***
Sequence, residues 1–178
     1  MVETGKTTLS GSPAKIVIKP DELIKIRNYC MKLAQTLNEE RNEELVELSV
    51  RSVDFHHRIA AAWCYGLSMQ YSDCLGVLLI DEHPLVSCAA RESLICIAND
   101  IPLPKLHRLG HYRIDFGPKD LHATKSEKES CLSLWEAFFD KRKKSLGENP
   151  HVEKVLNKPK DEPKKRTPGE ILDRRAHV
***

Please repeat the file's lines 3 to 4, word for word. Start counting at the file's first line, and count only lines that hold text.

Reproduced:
    51  RSVDFHHRIA AAWCYGLSMQ YSDCLGVLLI DEHPLVSCAA RESLICIAND
   101  IPLPKLHRLG HYRIDFGPKD LHATKSEKES CLSLWEAFFD KRKKSLGENP